Reviewed by Marvin Vernon
Nerds have been treated the same for centuries. None of it good. I can only personally vouch for half of my own current century. However, I feel reasonably certain that Archimedes was familiar with the wedgie. I also feel just a little less reasonably sure that Jeff Strand knows something about wedgies. How else could he put so much humor that feels like “I’ve been there” in his main character Henry Lambert of the very funny Young Adult novel, I Have a Bad Feeling about This?
Henry might best be called a wimpy kid if not a nerd. He is a smart and likeable kid…whatever that gets you in the childhood food chain. He gets picked last in all the playground sports. He is scared of a lot of things including seahorses. “I’m not proud of that one.” he says. His father, with clear reluctance from Henry’s mother, signs him up in a survival camp to make the proverbial man out of him. What is advertised as a professional boot camp environment is really a barely hanging together camp whose victims include five boys led by a drill sergeant type who, if not the guy from Heavy Metal Jacket, is at least to be trying to emulate him.
I Have a Bad Feeling about This is one of those YA novels that will appeal to children and teens because they can identify with the protagonists. The humor is plenty but grounded in reality and not condescending. The sharp humor is also why this novel will appeal to adults. The first half of the novel deals with the boys learning, but just barely, the survival skills of the instructor. Some of the funnier moments are derived from these events such as their first time at archery (“That bird shouldn’t have been there”). There is also a sweet moment when Henry meets a girl from the music camp down the road. As a veteran of teen music camps, I can assure you that we are bad ass! The boys are not placed in danger, which eventually comes from an unexpected chain of events, until the second half of the novel. While is it fun to watch the kids awkwardly defend themselves, I found the real strength of this tale in the first half where we can identify with the teens’ reluctance struggles. Yet the entire book is a delightfully fun read. The author also does us a service by adding in helpful survival tips like “Tree bark is not edible, even with peanut butter.”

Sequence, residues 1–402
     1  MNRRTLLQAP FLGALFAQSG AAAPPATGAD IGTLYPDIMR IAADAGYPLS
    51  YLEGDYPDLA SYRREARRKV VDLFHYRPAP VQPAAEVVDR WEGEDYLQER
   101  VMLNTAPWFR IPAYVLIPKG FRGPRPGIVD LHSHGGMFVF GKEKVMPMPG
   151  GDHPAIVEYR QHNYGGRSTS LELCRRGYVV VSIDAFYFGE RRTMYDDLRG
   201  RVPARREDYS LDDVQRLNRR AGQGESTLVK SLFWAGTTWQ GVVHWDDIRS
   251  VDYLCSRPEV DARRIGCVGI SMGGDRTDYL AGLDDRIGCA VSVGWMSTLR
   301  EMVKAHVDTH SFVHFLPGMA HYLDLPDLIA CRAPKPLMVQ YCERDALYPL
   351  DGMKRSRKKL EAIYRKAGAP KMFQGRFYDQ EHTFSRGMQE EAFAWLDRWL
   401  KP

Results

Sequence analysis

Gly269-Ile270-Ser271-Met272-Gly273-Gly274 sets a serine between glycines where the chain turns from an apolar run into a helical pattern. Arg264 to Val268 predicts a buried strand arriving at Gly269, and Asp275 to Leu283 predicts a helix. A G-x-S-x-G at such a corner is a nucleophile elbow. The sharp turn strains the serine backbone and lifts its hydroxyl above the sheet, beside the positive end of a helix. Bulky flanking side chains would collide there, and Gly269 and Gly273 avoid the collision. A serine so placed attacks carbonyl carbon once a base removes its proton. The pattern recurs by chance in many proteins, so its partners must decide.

Overall this is one of the funnier and more enjoyable YA novels I have read. I admit I am not an expert in YA books but I have a lifetime of expertise in nerdology, so that has to account for something. It is a truism that in the long run, nerds do better in life than jocks but that is little comfort for the young adults struggling with the fine art of growing up. Books like this are helpful in giving a good perspective. OK. So I may be exaggerating! It is still a funny book!
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